The News Desk is a collection of news, notes and breaking items affecting the Fredericksburg community.
CLEAR aims to minimize environmental disasters
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The Fredericksburg area can better prepare for economic growth, creating “green” jobs and mitigating natural disasters.
Those are a few of the objectives in a new regional planning effort spearheaded by the University of Mary Washington and a group of area businesses and community partners.
The Climate, Environment and Readiness—CLEAR—plan would create a framework to discuss and help resolve climate change-imposed risks on families, cultural sites, the economy, natural resources and green spaces.
“I see it as lasering in on a central set of issues, which have to do with resilience for the region” in meeting challenges ahead, Richard Finkelstein, UMW’s dean of the College of Arts & Sciences, said in a recent interview.
“It’s something the university has been moving toward for a couple years,” Finkelstein said, prompted by discussions with Marstel–Day, the Fredericksburg-based environmental consulting firm.
“We wanted to bring Fredericksburg forward in terms of building an environmental readiness plan and to bring a diverse set of groups together to do that,” Finkelstein said. Along with local businesses, those include nonprofit organizations and regional public agencies.
The Fredericksburg-based university also has begun a related effort to foster regional cooperation on business and job growth through its Center for Economic Development in the city and four surrounding counties.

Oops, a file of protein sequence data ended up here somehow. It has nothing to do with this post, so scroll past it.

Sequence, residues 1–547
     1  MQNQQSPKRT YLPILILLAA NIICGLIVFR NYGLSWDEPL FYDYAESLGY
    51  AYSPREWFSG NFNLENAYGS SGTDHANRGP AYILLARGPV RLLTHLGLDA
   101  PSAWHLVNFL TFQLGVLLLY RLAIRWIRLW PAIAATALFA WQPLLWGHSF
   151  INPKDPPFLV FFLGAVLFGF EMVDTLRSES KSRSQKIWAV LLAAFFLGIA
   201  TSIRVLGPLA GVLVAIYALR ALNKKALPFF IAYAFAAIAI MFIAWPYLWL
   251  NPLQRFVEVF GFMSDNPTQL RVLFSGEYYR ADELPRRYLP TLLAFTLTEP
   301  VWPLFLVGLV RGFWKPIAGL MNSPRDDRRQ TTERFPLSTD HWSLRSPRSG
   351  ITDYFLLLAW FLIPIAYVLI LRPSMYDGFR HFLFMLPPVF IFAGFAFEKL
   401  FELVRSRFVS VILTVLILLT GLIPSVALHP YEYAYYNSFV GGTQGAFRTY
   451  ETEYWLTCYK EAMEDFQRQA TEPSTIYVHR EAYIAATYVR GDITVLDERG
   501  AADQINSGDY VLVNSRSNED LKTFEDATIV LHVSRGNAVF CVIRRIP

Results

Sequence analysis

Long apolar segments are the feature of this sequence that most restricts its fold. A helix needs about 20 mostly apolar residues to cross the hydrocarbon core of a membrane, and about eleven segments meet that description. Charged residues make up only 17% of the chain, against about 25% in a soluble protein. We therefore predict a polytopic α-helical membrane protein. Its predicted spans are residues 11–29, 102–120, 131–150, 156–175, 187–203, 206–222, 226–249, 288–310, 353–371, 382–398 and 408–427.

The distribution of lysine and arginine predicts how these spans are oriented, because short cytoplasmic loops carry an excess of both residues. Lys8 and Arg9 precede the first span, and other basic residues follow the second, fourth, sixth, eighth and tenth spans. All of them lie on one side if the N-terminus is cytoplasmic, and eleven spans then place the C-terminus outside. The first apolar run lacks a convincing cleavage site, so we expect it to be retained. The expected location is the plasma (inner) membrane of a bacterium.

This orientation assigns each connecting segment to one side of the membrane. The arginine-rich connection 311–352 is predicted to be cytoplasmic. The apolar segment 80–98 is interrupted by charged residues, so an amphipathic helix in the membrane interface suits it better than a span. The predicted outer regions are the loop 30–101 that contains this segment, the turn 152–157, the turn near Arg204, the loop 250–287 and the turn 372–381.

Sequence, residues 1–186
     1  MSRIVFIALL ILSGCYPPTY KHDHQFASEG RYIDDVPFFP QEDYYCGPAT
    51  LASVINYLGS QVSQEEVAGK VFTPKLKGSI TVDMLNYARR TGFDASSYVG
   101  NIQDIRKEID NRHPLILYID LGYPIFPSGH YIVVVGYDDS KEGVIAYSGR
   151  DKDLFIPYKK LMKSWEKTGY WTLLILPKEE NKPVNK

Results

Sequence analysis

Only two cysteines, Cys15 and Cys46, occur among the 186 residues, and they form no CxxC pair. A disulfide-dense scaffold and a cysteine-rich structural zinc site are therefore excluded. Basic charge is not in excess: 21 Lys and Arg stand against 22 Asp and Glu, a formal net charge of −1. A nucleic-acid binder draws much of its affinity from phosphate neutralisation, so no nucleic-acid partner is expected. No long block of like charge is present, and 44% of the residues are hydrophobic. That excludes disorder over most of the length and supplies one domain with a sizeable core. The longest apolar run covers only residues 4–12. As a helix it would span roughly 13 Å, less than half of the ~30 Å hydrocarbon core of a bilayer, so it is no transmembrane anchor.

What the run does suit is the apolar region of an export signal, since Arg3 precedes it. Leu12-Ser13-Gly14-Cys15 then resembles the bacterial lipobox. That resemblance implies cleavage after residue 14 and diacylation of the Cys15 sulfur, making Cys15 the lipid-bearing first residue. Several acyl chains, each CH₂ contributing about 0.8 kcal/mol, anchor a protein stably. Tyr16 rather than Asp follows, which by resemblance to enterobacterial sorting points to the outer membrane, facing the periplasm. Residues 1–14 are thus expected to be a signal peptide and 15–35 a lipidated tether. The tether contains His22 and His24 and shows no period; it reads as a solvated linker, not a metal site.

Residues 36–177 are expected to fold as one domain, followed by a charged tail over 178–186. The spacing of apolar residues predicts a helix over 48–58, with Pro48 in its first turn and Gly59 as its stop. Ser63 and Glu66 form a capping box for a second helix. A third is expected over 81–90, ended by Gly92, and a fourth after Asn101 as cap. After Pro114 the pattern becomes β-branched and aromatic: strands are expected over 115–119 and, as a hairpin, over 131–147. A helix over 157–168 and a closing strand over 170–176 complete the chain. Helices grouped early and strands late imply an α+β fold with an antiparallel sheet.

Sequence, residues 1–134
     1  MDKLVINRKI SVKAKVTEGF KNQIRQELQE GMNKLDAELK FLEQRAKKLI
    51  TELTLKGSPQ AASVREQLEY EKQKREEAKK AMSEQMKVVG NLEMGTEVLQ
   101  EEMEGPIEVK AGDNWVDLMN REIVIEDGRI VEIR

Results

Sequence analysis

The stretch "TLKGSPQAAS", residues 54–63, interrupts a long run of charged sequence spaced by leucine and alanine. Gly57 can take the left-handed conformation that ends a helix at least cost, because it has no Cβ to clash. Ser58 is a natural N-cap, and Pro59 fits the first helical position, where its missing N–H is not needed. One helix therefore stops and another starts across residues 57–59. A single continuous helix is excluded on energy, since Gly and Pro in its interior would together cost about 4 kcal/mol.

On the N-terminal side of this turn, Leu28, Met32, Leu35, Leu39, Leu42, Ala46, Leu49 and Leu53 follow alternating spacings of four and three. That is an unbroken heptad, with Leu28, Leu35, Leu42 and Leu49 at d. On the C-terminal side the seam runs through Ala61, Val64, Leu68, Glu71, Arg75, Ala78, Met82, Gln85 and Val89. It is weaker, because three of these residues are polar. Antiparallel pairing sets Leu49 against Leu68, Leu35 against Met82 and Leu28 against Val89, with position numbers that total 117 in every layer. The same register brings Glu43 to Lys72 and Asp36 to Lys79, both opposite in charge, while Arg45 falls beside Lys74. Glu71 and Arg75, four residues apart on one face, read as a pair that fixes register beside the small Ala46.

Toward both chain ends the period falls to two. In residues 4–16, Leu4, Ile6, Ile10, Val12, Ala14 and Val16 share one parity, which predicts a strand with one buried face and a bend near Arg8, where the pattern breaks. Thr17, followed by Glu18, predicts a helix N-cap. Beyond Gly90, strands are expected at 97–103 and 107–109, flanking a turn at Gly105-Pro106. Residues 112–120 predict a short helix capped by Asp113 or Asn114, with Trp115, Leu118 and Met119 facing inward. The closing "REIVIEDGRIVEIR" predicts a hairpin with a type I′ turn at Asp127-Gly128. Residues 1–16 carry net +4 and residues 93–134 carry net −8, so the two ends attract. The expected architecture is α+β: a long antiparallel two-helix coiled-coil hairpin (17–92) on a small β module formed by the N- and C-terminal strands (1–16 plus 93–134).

Among CLEAR’s goals:
-Diversify the regional economy with green jobs;
-Identify sustainable activities that save homeowners and businesses money;
-Protect private property by creating and coordinating plans for floods and severe-weather emergencies;
-Protect natural resources and open spaces;
-Build resilience through prevention and planning.
Along with a series of meetings in recent months to come up with those goals, UMW officials want to know what people in the area think about the concept.
A survey ad with the heading “The Choice is CLEAR,” has been running periodically in The Free Lance–Star. Respondents can clip it, fill it out and mail it in, or do it online. The online version is at: flaturl.com/7tK.
The survey deals with quality-of-life issues, such as green space, water quality, outdoor activities and recreation, transportation, and how well the area is prepared for natural disasters.
It “will really show what it is that people value here in Fredericksburg,” Finkelstein said.
Marstel–Day chief executive officer Rebecca Rubin came up with the concept for the CLEAR plan and worked with UMW to focus it.
“I give enormous credit to [Finkelstein],” she said. “This is what our company does, so there’s a natural inclination to share some of that knowledge with the community.”
Marstel–Day developed its own climate-action document and corporate responsibility report.
“Resilience” planning is a relatively new wrinkle in municipal-planning efforts around the country.
In an Op–Ed piece in Sunday’s Free Lance–Star, Finkelstein described resilience as “a community’s readiness to deal with the effects of climate change on the availability of resources we take for granted, including clean water, electricity, agricultural production, and even the rich cultural sites in our region.”
Some of the concepts used here were developed in California’s Bay Area, and in Philadelphia.
Rusty Dennen: 540/374-5431
WANT TO GO?
There’s a planning meeting on the CLEAR initiative on Nov. 13 from 8 a.m. to 1 p.m. at the Jepson Alumni Executive Center. There will be speakers, break-out sessions, and results of a community survey will be discussed.
The meeting is open to the public, with an RSVP, to: email@example.com.